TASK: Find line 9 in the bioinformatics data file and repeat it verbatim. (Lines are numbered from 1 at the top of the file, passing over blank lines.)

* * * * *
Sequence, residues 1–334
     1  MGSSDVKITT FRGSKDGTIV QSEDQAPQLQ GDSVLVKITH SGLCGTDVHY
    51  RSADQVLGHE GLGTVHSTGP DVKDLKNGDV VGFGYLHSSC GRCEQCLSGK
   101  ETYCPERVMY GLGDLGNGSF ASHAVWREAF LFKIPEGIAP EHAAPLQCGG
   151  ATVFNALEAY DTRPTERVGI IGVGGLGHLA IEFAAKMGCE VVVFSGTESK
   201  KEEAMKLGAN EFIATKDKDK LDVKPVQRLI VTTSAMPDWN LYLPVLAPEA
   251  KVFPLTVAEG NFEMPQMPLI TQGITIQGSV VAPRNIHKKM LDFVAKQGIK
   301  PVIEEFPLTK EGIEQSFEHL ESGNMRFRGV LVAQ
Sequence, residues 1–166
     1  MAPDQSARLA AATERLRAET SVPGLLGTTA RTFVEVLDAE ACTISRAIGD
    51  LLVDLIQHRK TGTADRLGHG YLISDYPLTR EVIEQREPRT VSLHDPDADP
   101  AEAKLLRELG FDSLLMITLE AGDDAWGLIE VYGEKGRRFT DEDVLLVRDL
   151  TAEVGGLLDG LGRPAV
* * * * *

Sequence, residues 1–166